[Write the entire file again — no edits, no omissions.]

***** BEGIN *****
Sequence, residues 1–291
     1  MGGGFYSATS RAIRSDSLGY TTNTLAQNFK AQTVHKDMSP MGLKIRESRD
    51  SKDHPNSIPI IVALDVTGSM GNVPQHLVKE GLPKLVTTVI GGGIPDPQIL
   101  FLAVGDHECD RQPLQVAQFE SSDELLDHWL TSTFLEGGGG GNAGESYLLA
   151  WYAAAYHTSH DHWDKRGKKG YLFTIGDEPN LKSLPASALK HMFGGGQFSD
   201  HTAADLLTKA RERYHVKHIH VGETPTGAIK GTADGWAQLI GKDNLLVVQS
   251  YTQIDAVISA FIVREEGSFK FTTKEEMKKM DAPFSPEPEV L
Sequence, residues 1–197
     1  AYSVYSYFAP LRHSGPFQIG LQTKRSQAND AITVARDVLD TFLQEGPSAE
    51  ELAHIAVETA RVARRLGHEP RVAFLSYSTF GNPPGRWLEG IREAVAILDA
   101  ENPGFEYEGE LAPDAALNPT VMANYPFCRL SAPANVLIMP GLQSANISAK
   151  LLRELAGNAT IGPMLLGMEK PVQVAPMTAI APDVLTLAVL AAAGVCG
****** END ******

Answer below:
Sequence, residues 1–291
     1  MGGGFYSATS RAIRSDSLGY TTNTLAQNFK AQTVHKDMSP MGLKIRESRD
    51  SKDHPNSIPI IVALDVTGSM GNVPQHLVKE GLPKLVTTVI GGGIPDPQIL
   101  FLAVGDHECD RQPLQVAQFE SSDELLDHWL TSTFLEGGGG GNAGESYLLA
   151  WYAAAYHTSH DHWDKRGKKG YLFTIGDEPN LKSLPASALK HMFGGGQFSD
   201  HTAADLLTKA RERYHVKHIH VGETPTGAIK GTADGWAQLI GKDNLLVVQS
   251  YTQIDAVISA FIVREEGSFK FTTKEEMKKM DAPFSPEPEV L
Sequence, residues 1–197
     1  AYSVYSYFAP LRHSGPFQIG LQTKRSQAND AITVARDVLD TFLQEGPSAE
    51  ELAHIAVETA RVARRLGHEP RVAFLSYSTF GNPPGRWLEG IREAVAILDA
   101  ENPGFEYEGE LAPDAALNPT VMANYPFCRL SAPANVLIMP GLQSANISAK
   151  LLRELAGNAT IGPMLLGMEK PVQVAPMTAI APDVLTLAVL AAAGVCG